I HAD ARRIVED FROM DIVING ISLANDS further south in the Caribbean, and circling the volcanic underwater pinnacles of St Vincent felt like diving in an aquarium. After each dive there, my head was bursting, and I had to spend the next couple of hours leafing through ID guides trying to identify all the species I had seen – sometimes without luck.
As I soon found out, every year when surveys are carried out this magic island throws up more unnamed marine species – and that is a real treat for any fish-spotter.
On my first dive I must have spent 20 minutes just beneath the dive-boat at a mere 6m, because there was so much to look at and photograph. There were nudibranchs everywhere, clinging tightly to the enormous fan corals; spiny lobsters defending their patches; gaping spotted moray eels, not really hiding away in holes as you would expect, but out and about, hunting on the reef; huge shoals of purple creole wrasse; barracuda; reef squid; and the most wonderful, grotesque and bizarre shapes and contortions of bowl and barrel sponges you have ever seen.
It was like walking into a pottery class – fat pots, thin pots, tall pots, short pots – many with a fish or two poking out of the top for good measure.
A small common damsel was fiercely defending his “pot”, and as I came in a little too close, it started to attack my fins and then, as I tried to get closer to take its picture, it starting to nibble at my forehead and pull my hair.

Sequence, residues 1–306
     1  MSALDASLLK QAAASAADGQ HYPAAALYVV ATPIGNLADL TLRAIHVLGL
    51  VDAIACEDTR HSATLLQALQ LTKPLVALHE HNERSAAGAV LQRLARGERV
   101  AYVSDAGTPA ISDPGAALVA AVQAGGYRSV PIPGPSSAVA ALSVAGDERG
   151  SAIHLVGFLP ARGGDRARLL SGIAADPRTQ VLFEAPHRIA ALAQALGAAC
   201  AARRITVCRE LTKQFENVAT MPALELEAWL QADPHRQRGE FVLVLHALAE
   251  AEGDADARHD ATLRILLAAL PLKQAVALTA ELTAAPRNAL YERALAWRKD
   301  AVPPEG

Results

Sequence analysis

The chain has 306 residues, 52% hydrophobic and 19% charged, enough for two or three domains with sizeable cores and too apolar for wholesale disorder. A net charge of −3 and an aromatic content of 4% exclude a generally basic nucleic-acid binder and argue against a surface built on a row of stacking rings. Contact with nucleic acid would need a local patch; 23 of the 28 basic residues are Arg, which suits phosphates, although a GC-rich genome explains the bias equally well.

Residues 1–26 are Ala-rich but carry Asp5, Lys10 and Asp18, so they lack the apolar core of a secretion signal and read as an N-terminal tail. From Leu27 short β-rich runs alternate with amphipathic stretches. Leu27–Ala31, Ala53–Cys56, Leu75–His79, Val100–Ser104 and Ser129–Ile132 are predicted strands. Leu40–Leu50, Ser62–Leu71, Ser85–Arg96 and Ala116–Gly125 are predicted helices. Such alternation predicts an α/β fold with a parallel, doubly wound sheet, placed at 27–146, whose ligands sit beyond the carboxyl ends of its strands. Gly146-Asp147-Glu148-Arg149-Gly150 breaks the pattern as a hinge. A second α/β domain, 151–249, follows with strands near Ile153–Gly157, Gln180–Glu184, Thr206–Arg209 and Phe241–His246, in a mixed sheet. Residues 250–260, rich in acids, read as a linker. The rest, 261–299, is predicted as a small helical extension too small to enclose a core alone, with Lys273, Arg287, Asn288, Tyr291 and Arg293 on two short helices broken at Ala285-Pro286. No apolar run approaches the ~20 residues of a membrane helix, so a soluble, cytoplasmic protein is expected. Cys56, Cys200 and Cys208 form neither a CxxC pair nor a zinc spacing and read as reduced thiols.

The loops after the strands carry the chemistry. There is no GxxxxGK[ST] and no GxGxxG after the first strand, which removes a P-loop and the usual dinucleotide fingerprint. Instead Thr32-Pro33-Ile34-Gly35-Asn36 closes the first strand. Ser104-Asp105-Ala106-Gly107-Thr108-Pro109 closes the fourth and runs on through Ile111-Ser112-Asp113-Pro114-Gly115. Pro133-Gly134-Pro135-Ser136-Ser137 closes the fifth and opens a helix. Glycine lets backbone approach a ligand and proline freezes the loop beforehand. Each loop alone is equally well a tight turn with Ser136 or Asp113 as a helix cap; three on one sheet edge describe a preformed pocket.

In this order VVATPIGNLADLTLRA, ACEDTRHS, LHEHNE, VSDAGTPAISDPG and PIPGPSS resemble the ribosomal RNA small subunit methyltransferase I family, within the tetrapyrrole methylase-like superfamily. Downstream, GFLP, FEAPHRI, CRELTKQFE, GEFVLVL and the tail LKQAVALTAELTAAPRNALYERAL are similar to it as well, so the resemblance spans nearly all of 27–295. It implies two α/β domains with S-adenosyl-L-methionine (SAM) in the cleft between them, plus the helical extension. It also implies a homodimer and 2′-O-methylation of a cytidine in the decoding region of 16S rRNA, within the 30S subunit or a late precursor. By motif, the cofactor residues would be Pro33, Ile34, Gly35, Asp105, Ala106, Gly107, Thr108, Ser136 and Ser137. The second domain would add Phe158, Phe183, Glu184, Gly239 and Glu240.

I couldn’t work out if it was curiosity or aggression, and it was hard to pull myself away from this little character and carry on the dive.
St Vincent has a massive variety of underwater habitats, ranging from rocky outcrops to huge coral gardens, thick sea-grass meadows and protected bays bottomed with fine sediment and scattered algae patches, fondly known by divers as muck.
The waters are home to hundreds of species of Caribbean fish, but they also harbour a scattering of novel species that ride the currents north from Brazil.
I was there in the dry season, but some “dry” season! Four days of almost solid rainfall resulted in landslides, airport closures, roadblocks and houses being washed away. It was the wettest dry season in living memory, and a good time to be in the water, except near a river mouth, where the visibility was ruined.
One of the hotel guests remarked that it was just like being back home in England. I looked at the palm trees, the sun-bleached sand and the turquoise waters beyond, and disagreed. The rain was warm, and I was happy to get wet. When does that ever happen in the UK
I was staying north of the capital, Kingstown, in the spectacular palm-tree-lined resort of Buccament Bay, close to various Pirates of the Caribbean film locations. The locals were very proud that familiar landmarks had featured in certain scenes. But while others flocked to see the film-sets, I headed in the other direction, happy to be under water.
I like to dive where there are no other divers. I like to feel that the reef is mine and mine alone, and I certainly got that feeling here. The reefs are pristine – no sign of diver damage, no fishing line, no rubbish, just a lot of fish.
There are currently only two dive operators working in St Vincent, and there is an unwritten rule that if there is a dive boat in the bay, other boats move off – there are plenty of other sites.
As a result, I didn’t see another diver other than my buddies.
The diversity of diving was incredible, too, with relaxing swims over pretty reefs, exhilarating wall and drift dives, mysterious caves and stunning wrecks.